Local bookstores in Aiken, S.C., reported "mixed results on sales of President-elect Barack Obama's books," according to the Aiken Standard. which contacted Books-A-Million in Aiken Mall, Booklovers Bookstore and the Book Stall. Books-A-Million general manager Aleks Kragh said, "I can't comment ultimately on the final numbers, but we've definitely seen a positive response. We're getting plenty of phone calls and plenty of interest, and we just got a shipment of Time magazines, so we'll have those."
On the other hand, Booklovers Bookstore "hasn't seen any demand, but that was exactly what the staff expected, according to co-owner Angela Poe. Booklovers does not normally carry political books."
HarperCollins and the Wall Street Journal have formed a three-year publishing partnership to develop books written by the Journal’s editors and reporters on a variety of topics for a wide range of readers. The program will be overseen by Steve Ross, group president of the Collins Group, and Alan Murray, deputy managing editor at the Journal, in conjunction with the publishers and editorial teams from the Collins, Collins Business, Collins Living and Collins Design imprints. Both HarperCollins and Dow Jones & Company, which publishes the Wall Street Journal, are owned by News Corp.
The debut guidebook under the agreement will be The Wall Street Journal Guide to the End of Wall Street As We Know It: What You Need to Know About the Greatest Financial Crisis of Our Time--And How to Survive It by Dave Kansas, which will be published by Collins Business in January 2009. In a statement, the book was described as "a definitive guide for Main Street readers who want to make sense of what's happening on Wall Street." Collins Business also plans to publish The Wall Street Journal Guide to Management in early 2010.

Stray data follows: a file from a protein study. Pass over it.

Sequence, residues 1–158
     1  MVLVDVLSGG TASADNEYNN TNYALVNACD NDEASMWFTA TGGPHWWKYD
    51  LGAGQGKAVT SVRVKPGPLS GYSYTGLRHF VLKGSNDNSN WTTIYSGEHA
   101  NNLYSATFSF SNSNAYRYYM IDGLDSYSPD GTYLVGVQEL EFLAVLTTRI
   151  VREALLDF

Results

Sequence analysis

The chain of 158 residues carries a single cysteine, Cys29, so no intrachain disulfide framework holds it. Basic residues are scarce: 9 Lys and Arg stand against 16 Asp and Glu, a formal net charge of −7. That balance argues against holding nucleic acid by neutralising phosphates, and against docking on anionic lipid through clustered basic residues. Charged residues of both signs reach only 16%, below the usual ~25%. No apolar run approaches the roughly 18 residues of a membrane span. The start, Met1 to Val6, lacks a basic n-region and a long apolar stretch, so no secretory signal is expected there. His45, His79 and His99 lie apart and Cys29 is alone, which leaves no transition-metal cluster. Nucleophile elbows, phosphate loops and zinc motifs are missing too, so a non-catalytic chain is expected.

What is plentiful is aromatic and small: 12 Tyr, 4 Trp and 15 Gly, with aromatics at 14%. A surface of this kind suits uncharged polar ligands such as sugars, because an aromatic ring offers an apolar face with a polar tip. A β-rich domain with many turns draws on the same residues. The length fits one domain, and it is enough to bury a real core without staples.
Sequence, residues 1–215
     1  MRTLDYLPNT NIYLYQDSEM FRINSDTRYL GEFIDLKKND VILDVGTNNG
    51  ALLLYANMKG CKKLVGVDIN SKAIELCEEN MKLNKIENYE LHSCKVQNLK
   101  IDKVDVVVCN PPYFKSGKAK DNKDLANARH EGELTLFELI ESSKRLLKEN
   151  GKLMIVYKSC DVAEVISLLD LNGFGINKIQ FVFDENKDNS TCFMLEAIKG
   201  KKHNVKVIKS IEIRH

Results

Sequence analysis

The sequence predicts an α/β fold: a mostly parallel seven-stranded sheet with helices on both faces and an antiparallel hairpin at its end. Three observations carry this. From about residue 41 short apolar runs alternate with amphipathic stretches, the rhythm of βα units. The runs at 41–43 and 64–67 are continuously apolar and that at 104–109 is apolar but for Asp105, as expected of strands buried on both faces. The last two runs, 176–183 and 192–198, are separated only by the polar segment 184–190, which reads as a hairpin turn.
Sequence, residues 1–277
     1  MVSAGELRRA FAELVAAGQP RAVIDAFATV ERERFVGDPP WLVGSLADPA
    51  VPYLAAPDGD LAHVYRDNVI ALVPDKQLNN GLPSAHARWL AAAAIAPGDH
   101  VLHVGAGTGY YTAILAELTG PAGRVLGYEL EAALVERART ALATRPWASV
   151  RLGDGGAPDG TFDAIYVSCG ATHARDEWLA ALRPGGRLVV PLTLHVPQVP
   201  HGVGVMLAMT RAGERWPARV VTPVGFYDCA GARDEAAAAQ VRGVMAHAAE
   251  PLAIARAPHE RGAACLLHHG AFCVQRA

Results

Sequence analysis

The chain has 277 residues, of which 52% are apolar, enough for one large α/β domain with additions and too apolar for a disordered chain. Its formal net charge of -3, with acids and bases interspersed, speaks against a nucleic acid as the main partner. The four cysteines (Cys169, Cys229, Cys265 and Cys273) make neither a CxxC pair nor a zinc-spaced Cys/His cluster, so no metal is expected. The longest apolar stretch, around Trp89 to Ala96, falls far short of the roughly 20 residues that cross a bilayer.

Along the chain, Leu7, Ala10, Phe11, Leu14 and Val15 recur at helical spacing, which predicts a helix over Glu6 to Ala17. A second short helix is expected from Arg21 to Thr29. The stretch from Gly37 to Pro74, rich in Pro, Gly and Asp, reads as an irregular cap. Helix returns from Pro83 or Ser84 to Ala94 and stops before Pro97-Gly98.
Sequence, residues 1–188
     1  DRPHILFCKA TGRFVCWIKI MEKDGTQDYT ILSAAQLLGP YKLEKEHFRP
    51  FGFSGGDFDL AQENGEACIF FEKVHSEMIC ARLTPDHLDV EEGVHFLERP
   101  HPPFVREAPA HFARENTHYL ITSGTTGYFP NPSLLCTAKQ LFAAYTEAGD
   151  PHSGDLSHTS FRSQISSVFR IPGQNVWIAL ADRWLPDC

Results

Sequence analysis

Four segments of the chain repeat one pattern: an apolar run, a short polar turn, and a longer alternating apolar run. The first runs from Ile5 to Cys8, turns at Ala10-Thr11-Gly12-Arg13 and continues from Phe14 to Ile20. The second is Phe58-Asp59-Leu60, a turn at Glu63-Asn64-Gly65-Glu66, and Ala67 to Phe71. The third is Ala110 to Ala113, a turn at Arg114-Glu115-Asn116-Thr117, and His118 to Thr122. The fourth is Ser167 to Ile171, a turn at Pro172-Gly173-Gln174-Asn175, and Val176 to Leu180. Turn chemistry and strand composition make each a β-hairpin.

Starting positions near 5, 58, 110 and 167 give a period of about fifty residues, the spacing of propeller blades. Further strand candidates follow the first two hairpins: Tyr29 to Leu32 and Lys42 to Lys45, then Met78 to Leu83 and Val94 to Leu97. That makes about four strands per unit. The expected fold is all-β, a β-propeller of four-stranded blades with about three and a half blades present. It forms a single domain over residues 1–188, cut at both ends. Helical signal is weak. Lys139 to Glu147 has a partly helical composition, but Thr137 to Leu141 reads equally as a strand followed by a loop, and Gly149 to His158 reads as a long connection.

Bad times forcing your customers to postpone travel plans this year? How about a staycation display? The San Jose Mercury News featured travel books "that make you feel better about staying home."
The Sunday Times reported that bestseller status for Mary Ann Shaffer's The Guernsey Literary and Potato Peel Pie Society has produced a not-so-surprising geographical side effect. "I suspect few Americans had heard of Guernsey before my aunt's book," said Annie Barrows, who edited her late aunt's manuscript, "but now I've got postcards from Americans who read it and flew straight off to explore the real Channel Islands. They have suddenly become a bit obsessed."
Added Diana Vaughn, a librarian who runs a South Carolina book club: "Now my friends and I feel like we have lived there. It has joined Hogwarts and Austenland as familiar features in the British landscape."
In Pakistan, the "business of books survives uncertainties," according to the Daily Times, which quoted Islamabad bookseller Ajmal Khan observing that the "recent law and order situation, power cuts and inflation hardy affected our business. Our clients keep on buying books come what may."
And Hafeez Alam "said he took to book reading after spoiling his many years on net surfing. 'Internet, chatting and games on computer are a waste of time that consumed three years of my life. Now I have been pleased to start reading books,' he said."